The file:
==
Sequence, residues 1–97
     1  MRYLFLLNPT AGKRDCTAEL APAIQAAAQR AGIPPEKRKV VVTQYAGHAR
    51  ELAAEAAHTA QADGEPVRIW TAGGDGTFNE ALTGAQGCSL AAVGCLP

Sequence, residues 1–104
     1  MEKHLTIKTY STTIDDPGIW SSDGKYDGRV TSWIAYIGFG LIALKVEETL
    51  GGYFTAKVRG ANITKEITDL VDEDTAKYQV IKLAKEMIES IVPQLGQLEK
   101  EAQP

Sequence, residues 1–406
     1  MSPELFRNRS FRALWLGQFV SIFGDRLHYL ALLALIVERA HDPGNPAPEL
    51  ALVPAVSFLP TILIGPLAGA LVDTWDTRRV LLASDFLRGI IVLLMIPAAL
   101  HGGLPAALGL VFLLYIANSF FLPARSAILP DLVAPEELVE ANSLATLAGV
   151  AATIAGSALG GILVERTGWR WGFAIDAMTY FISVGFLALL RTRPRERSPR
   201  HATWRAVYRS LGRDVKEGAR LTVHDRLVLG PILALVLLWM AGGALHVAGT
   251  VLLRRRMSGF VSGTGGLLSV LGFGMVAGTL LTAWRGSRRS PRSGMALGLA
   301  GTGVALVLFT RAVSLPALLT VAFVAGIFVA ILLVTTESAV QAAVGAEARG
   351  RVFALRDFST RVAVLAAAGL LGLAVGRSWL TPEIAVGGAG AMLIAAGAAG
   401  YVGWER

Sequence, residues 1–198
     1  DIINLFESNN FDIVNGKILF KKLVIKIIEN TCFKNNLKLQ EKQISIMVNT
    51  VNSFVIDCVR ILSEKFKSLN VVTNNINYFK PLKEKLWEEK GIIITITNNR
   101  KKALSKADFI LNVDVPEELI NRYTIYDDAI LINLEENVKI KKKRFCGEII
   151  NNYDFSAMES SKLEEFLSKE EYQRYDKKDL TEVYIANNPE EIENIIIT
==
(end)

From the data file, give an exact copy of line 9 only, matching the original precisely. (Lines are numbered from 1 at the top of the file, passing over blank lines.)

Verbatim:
     1  MSPELFRNRS FRALWLGQFV SIFGDRLHYL ALLALIVERA HDPGNPAPEL